But nothing Dutton did was as influential and far-reaching as his work on a Democratic commission that ran from 1969 to 1972. Better known as the McGovern Commission, for its chairman, Senator George McGovern of South Dakota, the twenty-eight-member panel became the vehicle by which a handful of antiwar liberals revolutionized the Democratic Party. Of this group, Dutton emerged as the chief designer and builder. His goal was nothing less than to end the New Deal coalition, the electoral alliance that had supported the party since 1932 around a broad working-class agenda. In its place, Dutton sought to build a “loose peace constituency,” a collection of groups opposed to the Vietnam War and more generally the military-industrial complex. To this end, Dutton recognized that Democrats would need to appeal to three new constituencies-young people, college-educated suburbanites, and feminists-while ceasing to woo two old ones-Catholics and working-class whites. As it turned out, the McGovern Commission became Dutton’s unlikely vehicle for renovating the party’s coalition. He used one proposal to engineer the emerging feminist movement into the Democratic fold. He used other measures to, in effect, help secular, educated elites wrest the party machinery from state and big-city bosses.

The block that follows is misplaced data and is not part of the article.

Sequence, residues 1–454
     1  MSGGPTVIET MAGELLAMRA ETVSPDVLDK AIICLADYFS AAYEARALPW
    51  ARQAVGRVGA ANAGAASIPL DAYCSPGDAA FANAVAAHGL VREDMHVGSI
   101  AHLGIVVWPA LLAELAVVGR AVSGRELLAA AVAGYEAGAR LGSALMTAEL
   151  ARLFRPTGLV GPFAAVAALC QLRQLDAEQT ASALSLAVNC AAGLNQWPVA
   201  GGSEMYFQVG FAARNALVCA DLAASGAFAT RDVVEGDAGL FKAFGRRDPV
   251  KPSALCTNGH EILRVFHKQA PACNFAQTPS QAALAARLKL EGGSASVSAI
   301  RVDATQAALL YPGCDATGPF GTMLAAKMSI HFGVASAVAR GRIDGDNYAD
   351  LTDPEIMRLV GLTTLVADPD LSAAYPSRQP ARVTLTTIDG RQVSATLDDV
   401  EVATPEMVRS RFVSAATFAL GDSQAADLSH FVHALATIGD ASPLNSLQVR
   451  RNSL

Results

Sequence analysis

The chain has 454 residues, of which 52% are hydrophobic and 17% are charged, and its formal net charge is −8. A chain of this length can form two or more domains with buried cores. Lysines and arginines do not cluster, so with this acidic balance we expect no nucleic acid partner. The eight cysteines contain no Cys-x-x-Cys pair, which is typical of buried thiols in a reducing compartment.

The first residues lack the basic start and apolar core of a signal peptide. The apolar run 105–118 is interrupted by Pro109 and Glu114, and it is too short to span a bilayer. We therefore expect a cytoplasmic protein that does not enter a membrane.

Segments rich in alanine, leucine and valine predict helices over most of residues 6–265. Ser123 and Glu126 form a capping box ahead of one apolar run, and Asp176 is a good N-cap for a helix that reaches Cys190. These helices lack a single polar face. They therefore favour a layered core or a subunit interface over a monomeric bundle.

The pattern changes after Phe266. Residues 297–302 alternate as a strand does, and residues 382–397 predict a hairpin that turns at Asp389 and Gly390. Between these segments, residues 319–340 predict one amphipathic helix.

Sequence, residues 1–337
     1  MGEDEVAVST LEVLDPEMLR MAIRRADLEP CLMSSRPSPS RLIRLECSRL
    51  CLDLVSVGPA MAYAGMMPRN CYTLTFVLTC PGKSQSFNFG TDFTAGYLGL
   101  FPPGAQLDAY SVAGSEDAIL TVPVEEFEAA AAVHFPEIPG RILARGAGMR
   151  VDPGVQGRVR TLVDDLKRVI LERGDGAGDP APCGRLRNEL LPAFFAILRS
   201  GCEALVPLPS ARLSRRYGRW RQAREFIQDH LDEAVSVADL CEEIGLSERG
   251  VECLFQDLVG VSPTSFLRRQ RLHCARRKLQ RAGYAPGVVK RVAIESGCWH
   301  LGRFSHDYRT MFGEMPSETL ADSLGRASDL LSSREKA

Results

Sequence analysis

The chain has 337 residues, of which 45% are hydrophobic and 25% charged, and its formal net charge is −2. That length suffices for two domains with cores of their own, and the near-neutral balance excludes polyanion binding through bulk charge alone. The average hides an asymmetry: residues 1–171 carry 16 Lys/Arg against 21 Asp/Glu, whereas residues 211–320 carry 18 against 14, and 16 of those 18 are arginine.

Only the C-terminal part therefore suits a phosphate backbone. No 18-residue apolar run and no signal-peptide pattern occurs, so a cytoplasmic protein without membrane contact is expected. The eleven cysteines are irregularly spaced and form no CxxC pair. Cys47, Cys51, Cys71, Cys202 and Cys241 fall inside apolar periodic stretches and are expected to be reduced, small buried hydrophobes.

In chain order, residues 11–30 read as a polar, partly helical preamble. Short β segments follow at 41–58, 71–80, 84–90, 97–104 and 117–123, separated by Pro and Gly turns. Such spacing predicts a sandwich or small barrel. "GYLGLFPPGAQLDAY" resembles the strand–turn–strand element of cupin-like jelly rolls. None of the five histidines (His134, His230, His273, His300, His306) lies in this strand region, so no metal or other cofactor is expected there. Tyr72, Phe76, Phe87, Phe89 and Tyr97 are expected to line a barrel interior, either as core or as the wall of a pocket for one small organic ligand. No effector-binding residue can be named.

As Greenberg concluded about the 2004 election, “The reason for the defection of these more blue-collar Democrats is rooted in their conservative views on cultural issues. Culturally, the defectors differ from other Democrats on abortion, gay marriage, and especially the National Rifle Association, the second biggest area of difference.”
Dutton, though a supporter of his loose peace constituency and the McGovern Commission to the end, harbored few illusions about them. “It might not have been politically shrewd,” he acknowledged to me in two interviews. “What surprised me is that young people didn’t vote until they were thirty-five years old. And black leaders talked a good game [about delivering the black vote], but they didn’t walk a good game.” Dutton, for all his errors in judgment, maintained a refreshing and admirable intellectual honesty. He might have been the shortsighted designer and builder of the modern Democratic Party, but he was hardly one of the bumbling mechanics who run it today.
It'd be nice if someone would drop Thomas Frank a line. The Democrats have long ceased being interested in the plight of working people. When you are convinced that most working people are lazy racist slobs (witness the typical sitcom's male lead) you aren't very motivated to do anything to help them. Of course, with the decline of the middle class we're all going down the tubes eventually. Nobody makes a good living in a subsistence economy, even the rich get poorer eventually. It's just the working stiffs who are feeling the first effects.